by Annie Hughes
In February of my freshman year of college, I received a surprising offer for the summer. I had a phone call from Washington, D.C. come in while I was sitting and eating lunch at my sorority house, and I was pretty caught off guard. It was an offer to intern at the United States Senate with Senator Luther Strange. I was anxious and thrilled at the opportunity at hand.
I was only nineteen at the time, so it was a huge step for me to move, live and work in a city that was foreign to me. You see constant videos and pictures of Washington, D.C. all of the time. When flying into the city and noticing the Washington Monument’s peak in the clouds, I had to pinch myself. The city, although the powerhouse of the United States, was not nearly as intimidating as one would envision. The city imposes height restrictions so the buildings cannot be taller than the monuments. Because of that, in the evenings, it is beautiful to see the sunsets over the city with the monuments skimming the sky.
Nothing could have prepared me for what I was about to take on! The environment was so fun, yet incredibly fast paced. My days were filled with corresponding with constituents, attending Senate and House votes, as well as being fully engaged in the “underground world” of the Senate. You could never be prepared for what you would see that day. It might be sitting and getting a haircut next to John McCain in the Senate hair salon, getting in the midst of a news crew following the 6’8” former FBI Director Comey, or partaking in the behind-the-scenes of a CNN interview. My days mainly consisted of manning the phones in the front office, and while you expect your fellow constituents to be incredibly kind, most of the time I was left shaken after being grilled over various different issues!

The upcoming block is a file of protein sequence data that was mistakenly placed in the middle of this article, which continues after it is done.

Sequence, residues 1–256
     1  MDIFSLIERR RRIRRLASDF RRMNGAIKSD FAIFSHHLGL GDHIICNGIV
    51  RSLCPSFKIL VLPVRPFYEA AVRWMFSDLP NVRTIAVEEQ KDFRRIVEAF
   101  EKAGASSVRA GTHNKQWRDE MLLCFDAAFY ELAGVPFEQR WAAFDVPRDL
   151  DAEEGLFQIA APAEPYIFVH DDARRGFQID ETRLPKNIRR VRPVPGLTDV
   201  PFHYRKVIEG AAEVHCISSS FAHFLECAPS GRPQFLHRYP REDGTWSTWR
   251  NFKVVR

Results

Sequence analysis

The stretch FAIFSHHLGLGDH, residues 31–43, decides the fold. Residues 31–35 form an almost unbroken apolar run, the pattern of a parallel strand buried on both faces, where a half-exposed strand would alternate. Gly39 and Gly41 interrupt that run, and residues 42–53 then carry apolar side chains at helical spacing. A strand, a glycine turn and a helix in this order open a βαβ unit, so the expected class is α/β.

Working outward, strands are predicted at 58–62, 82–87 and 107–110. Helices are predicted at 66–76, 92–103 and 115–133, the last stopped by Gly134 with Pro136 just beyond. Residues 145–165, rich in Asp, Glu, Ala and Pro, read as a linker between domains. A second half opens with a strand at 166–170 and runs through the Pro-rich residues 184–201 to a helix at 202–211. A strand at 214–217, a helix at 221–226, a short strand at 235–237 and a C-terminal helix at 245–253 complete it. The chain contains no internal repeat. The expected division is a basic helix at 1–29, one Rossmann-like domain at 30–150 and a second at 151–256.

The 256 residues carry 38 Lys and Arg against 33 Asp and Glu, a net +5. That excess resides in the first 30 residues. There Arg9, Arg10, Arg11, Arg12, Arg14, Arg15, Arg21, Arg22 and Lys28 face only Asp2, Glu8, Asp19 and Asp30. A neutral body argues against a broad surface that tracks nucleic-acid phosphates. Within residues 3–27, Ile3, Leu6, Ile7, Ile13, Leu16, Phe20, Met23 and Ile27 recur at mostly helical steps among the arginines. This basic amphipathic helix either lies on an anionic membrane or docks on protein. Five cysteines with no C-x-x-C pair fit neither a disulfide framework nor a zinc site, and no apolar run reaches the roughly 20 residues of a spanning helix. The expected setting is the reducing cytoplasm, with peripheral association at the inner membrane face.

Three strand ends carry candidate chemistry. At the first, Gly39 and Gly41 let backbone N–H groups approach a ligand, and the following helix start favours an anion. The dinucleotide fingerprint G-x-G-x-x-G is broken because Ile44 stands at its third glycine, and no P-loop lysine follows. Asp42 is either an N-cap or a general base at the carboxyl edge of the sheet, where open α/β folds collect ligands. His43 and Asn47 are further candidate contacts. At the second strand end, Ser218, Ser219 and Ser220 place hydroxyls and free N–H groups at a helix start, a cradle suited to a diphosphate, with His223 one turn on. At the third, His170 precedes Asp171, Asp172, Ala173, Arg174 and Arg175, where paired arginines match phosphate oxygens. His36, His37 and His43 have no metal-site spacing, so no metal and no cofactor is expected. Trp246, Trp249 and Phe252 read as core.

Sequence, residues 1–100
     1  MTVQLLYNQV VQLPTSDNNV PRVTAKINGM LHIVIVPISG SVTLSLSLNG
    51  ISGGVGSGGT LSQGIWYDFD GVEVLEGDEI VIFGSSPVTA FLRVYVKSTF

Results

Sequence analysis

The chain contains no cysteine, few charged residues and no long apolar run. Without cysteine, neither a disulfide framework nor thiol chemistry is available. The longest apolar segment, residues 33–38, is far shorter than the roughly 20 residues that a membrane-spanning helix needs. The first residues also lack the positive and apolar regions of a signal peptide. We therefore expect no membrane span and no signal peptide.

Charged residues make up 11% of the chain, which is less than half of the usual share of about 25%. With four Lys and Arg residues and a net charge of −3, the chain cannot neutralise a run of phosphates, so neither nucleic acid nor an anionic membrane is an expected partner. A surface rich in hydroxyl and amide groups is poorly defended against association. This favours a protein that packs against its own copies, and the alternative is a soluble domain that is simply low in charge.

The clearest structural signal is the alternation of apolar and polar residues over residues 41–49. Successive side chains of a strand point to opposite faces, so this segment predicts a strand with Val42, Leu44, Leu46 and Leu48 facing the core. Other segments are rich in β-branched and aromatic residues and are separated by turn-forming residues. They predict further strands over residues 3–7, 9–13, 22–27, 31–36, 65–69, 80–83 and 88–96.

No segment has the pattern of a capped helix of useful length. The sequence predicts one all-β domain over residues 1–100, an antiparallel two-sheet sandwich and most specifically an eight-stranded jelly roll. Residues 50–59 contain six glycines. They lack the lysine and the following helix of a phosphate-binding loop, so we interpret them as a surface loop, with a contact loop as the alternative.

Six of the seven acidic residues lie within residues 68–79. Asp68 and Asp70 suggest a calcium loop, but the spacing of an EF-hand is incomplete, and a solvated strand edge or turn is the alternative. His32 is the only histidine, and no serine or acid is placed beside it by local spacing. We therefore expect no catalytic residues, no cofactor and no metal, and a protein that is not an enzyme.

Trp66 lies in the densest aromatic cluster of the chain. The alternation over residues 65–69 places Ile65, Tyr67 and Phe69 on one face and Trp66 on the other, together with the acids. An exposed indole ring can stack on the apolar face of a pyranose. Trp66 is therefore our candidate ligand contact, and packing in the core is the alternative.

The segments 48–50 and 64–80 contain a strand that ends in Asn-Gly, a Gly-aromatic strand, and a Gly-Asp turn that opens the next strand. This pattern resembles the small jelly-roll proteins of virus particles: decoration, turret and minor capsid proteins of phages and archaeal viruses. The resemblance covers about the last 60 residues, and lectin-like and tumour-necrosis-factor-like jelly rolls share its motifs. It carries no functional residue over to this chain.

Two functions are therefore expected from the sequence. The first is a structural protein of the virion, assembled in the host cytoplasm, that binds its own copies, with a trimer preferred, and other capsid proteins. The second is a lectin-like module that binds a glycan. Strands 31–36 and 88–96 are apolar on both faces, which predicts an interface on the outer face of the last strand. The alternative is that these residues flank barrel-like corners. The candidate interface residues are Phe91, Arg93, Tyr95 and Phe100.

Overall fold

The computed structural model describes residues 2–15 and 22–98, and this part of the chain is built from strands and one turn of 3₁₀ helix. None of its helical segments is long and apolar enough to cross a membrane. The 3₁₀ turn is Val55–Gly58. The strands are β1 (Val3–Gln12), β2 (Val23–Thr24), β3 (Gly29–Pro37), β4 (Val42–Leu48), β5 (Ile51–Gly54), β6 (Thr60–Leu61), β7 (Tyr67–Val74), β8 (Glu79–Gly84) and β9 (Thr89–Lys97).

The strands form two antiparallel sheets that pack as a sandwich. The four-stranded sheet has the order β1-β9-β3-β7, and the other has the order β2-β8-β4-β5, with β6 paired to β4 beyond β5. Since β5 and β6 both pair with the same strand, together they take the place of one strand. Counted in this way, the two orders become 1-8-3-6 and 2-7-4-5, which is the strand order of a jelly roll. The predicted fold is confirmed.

In the office, I was fascinated at how different legislative advisors concentrated on the most peculiar things that were relevant to the State of Alabama. One seemed to know everything about land development, while one was an expert on the favorite fish of Alabama’s Gulf Coast. Through the experience, I was able to meet people and befriend fellow classmates at Alabama that I otherwise would have never met. I also appreciated getting to know former Senator Strange. He stood much taller than I would have imagined which was intimidating, but he genuinely wanted to get to know us each on a personal level and understand our interests.
In having the internship, I took advantage of the opportunities that were available to me while I had that Senate badge. I was able to go behind the “no guests/tours allowed” signs and get literally lost in the U.S. Capitol. I passed by rooms filled with records, went up onto the Speaker of the House’s balcony, and even got down into the tomb which lies under the Capitol that was originally created for George Washington. Washington is an incredible place filled with young professionals who thrive in a fast-paced environment, and I enjoyed being completely immersed in the culture through this experience.
I encourage anyone presented with the opportunity of an internship similar to mine, to take it. Many students choose to pass on taking a Hill internship because of no pay, the living expenses, etc. However, the experience is invaluable if you are able to make the financial sacrifice.
Not only can you experience the inner-workings of the most incredible country, but you are given the tools, experience, and connections that will be with you for forever. I know that when I eventually graduate, those connections will be able to push me forward in the job market, the experience will prove to be beneficial in my post-graduate work, and the tools and skills provided to me will aid in my future endeavor. I dare you to get out there and apply for internships that may be out of reach, because the reward far outweighs the risk.